> Wells Fargo to pay $1.2 billion to end home loan mess
Another Wall Street bank accused of reckless lending during the housing crash is offering a payout to resolve its legal problems.
Wells Fargo (WFC), one of the biggest providers of home loans in the U.S., said Wednesday it has agreed to pay $1.2 billion to settle a government lawsuit related to its Federal Housing Administration home mortgage program.
The bank said Wednesday in a regulatory filing that it reached the agreement earlier this week with the U.S. Department of Justice, two attorneys general and the Department of Housing and Urban Development. The company said the agreement still needs to be approved.
The Department of Justice declined to comment.
In 2012, the federal government sued Wells Fargo accusing the bank of misrepresenting the quality of thousands of loans in order to be eligible for federal loan insurance. The government wanted to recover money that the FHA paid after borrowers defaulted on Wells Fargo mortgage loans.
Wells Fargo, the country's largest mortgage lender, said the settlement is related to the 2012 case and other pending or potential cases.
The company said that because of the settlement, the bank will reduce its 2015 net income by $134 million, or 3 cents per common share, to $22.9 billion, or $4.12 per common share.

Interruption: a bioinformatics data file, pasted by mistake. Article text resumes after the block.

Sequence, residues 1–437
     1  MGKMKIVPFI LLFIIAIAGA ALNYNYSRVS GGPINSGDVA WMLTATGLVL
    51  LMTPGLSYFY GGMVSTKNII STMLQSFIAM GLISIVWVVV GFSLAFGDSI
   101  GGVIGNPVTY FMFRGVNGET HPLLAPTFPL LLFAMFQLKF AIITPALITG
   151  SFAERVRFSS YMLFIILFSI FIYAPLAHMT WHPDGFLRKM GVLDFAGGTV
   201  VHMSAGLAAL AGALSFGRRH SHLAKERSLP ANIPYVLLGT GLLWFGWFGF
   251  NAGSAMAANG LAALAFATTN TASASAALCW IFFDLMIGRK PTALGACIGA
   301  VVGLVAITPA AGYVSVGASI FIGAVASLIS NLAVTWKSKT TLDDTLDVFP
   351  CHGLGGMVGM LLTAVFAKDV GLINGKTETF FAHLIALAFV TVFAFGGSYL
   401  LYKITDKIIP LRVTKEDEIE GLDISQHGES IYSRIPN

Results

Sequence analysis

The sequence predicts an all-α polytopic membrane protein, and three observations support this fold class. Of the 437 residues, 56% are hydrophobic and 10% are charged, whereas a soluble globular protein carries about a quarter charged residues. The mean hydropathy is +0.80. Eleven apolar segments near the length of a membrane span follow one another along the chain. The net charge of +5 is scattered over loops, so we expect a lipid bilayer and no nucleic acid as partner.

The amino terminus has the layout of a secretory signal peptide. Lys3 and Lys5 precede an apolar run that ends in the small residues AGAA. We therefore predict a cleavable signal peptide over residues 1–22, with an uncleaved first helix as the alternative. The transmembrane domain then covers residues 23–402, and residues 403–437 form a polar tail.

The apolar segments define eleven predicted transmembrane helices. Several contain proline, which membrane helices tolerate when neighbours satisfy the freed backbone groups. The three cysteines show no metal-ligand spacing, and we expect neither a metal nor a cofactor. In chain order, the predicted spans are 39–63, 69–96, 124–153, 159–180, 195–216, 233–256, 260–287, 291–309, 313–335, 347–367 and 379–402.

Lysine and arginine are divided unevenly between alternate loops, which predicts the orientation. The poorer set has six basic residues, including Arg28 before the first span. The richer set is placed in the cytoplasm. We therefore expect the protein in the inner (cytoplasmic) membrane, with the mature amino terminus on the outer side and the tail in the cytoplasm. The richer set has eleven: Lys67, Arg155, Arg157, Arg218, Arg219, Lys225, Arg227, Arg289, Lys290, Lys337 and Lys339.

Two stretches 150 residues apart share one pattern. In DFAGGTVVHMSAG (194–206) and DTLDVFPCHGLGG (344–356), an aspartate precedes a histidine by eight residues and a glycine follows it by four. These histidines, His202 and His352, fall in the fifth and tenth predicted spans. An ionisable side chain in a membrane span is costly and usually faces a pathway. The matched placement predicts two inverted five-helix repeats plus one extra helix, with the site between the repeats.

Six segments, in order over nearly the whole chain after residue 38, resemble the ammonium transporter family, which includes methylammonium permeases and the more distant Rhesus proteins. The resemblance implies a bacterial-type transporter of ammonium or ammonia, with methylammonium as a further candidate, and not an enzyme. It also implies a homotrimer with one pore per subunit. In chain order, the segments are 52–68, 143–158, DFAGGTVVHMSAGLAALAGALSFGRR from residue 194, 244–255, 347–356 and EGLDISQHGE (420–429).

Shares of Wells Fargo, based in San Francisco, fell $1.57, or 3.2 percent, to $46.88 in afternoon trading.
The deal with Wells Fargo is the latest in a string of federal settlements stemming from the housing bust, which led to big banks requiring a massive bailout from U.S. taxpayers. Goldman Sachs Group (GS) said last week that it would pay $5.1 billion to settle a government probe into its sale of mortgage-backed securities.
Under separate settlements with the government, Wall street firms JPMorgan Chase (JPM), Bank of America (BAC) and Citigroup (C) have agreed to pay $37 billion in cash and relief to consumers. In February, Morgan Stanley (MS) announced a proposed $2.6 billion agreement with the Justice Department to halt probes into its mortgage-back securities dealings, but that case remains unresolved.